Britain's retirees will flock overseas as a result of last week's budget, according to deVere Group.
The international advice firm warns the scrapping of the age-related personal allowance will mean there will be fewer incentives for people to hold pensions in the UK.
Pensioners will transfer their pensions to sunnier climes "to protect their retirement funds from the government's on-going raids" says chief executive Nigel Green.
From this April, the first £10,500 of income will be tax free for individuals aged between 65 and 74, and £10,660 for those aged 75 and over. But from 6 April 2013, the personal allowance will be frozen for current pensioners and not available for anyone retiring after that date.
HMRC figures show in 2013-14 over 4 million people will be worse off by £83 a year on average. Within the total, 360,000 individuals aged 65 will lose £285 a year on average.
Green said: "With this benefit being removed, and as people seek to protect their retirement funds from the government's on-going raids on the money they have prudently put away, more Britons than ever will be looking to retire to countries in which they will be taxed less. And they will take their pensions with them - surely not the government's intention. Or is it?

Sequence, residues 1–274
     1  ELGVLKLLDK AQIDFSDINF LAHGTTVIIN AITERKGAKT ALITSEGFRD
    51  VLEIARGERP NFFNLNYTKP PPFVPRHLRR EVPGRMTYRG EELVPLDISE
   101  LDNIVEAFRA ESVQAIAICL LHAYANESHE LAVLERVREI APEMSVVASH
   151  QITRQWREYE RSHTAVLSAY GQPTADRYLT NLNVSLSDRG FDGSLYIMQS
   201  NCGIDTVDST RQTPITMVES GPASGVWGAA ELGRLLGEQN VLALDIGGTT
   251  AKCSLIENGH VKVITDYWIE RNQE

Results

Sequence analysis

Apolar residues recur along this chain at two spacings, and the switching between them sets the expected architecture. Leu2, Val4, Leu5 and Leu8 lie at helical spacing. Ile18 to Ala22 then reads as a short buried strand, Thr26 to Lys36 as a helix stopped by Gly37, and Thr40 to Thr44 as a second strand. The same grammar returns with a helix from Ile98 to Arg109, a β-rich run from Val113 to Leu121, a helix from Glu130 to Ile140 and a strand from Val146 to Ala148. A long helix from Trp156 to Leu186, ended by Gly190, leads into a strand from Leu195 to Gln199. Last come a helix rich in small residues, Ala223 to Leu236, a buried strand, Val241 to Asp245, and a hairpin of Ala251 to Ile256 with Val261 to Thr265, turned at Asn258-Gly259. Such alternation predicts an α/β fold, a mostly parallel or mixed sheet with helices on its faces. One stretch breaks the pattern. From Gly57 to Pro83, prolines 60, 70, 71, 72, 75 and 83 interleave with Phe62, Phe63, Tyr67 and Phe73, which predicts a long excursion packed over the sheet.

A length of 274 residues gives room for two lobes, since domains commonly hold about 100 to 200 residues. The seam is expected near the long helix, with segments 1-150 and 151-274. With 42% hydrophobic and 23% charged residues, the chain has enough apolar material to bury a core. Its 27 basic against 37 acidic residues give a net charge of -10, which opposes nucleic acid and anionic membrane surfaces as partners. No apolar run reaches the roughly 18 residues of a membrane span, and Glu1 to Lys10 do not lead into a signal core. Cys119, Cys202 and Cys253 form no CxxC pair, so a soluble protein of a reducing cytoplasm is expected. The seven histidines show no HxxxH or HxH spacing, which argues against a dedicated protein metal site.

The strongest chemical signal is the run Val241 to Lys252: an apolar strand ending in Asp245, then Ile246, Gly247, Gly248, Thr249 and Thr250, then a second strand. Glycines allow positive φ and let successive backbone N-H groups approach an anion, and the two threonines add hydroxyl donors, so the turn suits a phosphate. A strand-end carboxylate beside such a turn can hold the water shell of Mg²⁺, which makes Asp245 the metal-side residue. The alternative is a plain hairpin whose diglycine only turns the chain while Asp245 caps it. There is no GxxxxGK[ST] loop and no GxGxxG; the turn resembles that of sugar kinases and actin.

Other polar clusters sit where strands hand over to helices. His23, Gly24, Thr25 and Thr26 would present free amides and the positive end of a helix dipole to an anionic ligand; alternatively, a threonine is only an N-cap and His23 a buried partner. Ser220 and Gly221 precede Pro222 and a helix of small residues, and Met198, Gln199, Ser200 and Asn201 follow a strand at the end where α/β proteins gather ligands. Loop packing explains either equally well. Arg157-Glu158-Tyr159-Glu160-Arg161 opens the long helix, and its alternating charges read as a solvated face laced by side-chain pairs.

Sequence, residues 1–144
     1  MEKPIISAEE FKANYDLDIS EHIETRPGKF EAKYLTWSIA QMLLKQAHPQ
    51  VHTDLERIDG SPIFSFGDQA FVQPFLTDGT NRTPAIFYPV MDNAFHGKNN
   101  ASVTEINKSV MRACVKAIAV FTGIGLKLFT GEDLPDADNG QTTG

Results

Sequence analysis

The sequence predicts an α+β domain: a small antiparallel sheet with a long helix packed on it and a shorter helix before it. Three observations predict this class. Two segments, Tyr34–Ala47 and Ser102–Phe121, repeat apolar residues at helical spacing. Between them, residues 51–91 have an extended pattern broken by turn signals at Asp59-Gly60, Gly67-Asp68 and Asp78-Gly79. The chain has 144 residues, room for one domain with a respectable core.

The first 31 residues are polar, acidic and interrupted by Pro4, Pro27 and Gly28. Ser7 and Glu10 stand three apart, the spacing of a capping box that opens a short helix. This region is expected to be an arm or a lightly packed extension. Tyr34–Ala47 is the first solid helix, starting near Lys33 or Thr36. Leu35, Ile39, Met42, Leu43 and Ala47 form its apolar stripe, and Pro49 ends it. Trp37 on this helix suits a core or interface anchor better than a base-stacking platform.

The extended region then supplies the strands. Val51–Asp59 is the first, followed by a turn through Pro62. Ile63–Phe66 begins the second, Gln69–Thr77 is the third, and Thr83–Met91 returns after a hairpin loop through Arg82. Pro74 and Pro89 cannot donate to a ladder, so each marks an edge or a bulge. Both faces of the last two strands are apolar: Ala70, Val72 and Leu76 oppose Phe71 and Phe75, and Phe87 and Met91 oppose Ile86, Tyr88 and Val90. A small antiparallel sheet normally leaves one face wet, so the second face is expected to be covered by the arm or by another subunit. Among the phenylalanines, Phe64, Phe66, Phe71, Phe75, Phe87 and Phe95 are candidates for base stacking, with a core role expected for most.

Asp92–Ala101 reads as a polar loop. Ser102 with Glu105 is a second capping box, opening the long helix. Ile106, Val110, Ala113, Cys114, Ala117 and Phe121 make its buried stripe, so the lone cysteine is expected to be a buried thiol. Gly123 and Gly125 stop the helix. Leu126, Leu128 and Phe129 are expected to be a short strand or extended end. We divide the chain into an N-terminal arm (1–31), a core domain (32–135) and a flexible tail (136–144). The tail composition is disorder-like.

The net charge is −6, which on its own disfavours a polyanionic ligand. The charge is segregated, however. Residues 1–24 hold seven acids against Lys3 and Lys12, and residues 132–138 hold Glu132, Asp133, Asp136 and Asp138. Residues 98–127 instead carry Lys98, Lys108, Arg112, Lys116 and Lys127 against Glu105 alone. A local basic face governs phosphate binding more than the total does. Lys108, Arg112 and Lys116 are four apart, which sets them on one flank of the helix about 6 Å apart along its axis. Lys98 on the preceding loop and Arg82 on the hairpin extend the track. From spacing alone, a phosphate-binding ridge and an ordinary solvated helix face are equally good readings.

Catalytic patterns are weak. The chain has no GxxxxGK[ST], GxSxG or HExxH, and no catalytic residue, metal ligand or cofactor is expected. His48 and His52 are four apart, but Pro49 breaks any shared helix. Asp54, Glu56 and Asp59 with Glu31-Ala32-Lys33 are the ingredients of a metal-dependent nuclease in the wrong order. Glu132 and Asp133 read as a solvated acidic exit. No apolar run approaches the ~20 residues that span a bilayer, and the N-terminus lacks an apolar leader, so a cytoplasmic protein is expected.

"We fully expect English-speaking, EU countries such as Cyprus and Malta to be increasingly popular destinations for those who want to enjoy their retirement in the sun, and who want to safeguard the money they have been putting aside all their lives."
The budget also confirmed final legislation on QROPs. Green said this was "evidence that transferring pensions is becoming increasingly mainstream."
But AXA Wealth's head of pension development, Mike Morrison said: "I cannot see why people would want to go abroad. The government did not touch pensions tax relief and they tightened up on QROPs. [And] the amounts [i.e. that people will lose when the personal allowance is streamlined] are minimal on an annual basis, so I do not think that would affect anybody.
"I'm hopeful that the new QROPS regime makes QROPs more sensibly monitored and stops people from exploiting [the] rules, but I cannot see why any other element of the budget would immediately encourage people to want to take their pensions overseas.
"I think people would wait and see what the QROPS jurisdictions offer but the rules have been more tightly written to try to make the QROPS regime what it was supposed to be-. for people leaving the UK to maximise the flexibility of taxation. Other than that I cannot see any other real hooks. "
Research conducted by National Association of Pension Funds' (NAPF) in February found almost half (46%) of pre-retirees would consider retiring to a cheaper country to get better value for money
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